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Specimens of Bushman Folklore, by W.H.I. Bleek and L.C. Lloyd, [1911], at


The !kung women respect these things, (they) do not take hold (of them). Men take hold (of them). A small !kung child, who is a little girl, does not take hold of this thing; for (she) respects (it). For, her mother says to her: "This thing, thou must respect, my mother." And the child listens, (and) respects the thing; but a little male child does not fear the thing, (and) takes hold of the thing, (and) carries, carries the thing to his father.

And his father puts down[2] the thing upon the ground, and (the child) does not see (or look at) the thing, he goes away. For his father objects

[1. The |Xu is a set of four pieces of wood, two "male" and two "female ". Spoons are also made from the wood of the same tree. The narrator described it as follows:--

The name of the tree is !ke; and (it) is a food tree; (it) is not a mere tree. (It is) one tree, (from) which we make the thing (i.e., the set of !Xu).

By the Makoba, the !Xu is called |nu|num. Their name for the fruit of the !ke tree is kanzuai.

2. (When putting down) one thing, I say ||ning; (when putting down) several things, I say ||ning-a.]

(to his looking on, and says): "Go, my father!"[1] The child laughs, and runs off, goes to his mother, (and) says to his mother: "My mother! give water." For the child ran, coming (and) saying to his mother:

Give my father water."

And his mother took water (from the pot) with a gourd(?), the skin of food; and gave her child water; and her child carried the (vessel of) water in his hands, carried water to his father. And the water (vessel) fell, and (the water) poured upon the ground; and he (the boy) saw, and cried out: "My father! the water pours down, oh dear! My father! the water pours down, oh dear!" And his father heard him, and ran, coming to take hold of him. And (he) beat his child, broke off a little stick, and beat his child; and the little stick was a shana. And his son's speech was this (?): "My father! leave off beating me! oh dear! My father! leave off beating me! oh dear! My father! leave off striking me! oh dear! My father! leave off striking me! oh dear!"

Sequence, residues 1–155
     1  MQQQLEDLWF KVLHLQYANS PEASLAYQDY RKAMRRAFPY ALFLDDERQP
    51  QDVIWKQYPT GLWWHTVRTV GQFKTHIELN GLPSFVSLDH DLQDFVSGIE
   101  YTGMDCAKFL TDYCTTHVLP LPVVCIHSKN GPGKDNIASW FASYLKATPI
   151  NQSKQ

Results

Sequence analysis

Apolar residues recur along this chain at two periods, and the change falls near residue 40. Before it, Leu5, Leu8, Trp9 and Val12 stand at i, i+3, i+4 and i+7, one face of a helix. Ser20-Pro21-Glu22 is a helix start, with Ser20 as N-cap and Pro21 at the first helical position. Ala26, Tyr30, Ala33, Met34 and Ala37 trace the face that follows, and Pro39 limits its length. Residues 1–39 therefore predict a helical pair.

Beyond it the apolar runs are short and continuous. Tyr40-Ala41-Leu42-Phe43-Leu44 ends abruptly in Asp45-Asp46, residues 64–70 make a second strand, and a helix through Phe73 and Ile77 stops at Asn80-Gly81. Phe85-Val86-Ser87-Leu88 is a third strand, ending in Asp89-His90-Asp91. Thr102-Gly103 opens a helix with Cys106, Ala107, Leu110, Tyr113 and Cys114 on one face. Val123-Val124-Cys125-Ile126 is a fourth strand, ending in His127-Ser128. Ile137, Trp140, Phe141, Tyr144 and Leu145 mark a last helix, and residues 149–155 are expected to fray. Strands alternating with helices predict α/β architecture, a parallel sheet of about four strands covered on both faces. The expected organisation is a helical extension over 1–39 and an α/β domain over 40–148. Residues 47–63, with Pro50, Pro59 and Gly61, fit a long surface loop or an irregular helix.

And the people[2] took hold of him, his mother came to take hold of him (saying): "My mother! my child! oh dear! My mother! my child! oh dear! My mother! my husband is striking my child, oh dear!"

His (the child's) father came and took (his) quiver, and drew out an arrow, and put his arrow upon his bow; and the people (i.e., the women) called out. For, he took aim at his wife with (two) arrows; for his arrows were a |nubbo, and a ||Xi.[3]

[1. (He) caressed (?) his child; for his child was a little boy.

2. (They) were not men, but were women.

3. He aimed at his wife with two arrows (one after the other).]

And his wife cried, and avoided the arrow. And (she) cried; and his wife's mother cried: "My mother! my son-in-law takes aim at my daughter with two arrows, oh dear!" And (she) fell down, and lay upon the ground, and cried; and the people (many other women) came (and) took hold of her, and said to her: "Do not cry!" And she refused (saying): "No! my son-in-law aims at my daughter with two arrows, oh dear!" And the people took hold of her; and she would not listen to the people, and refused.

Next: To Beat The Ground (With A Stone).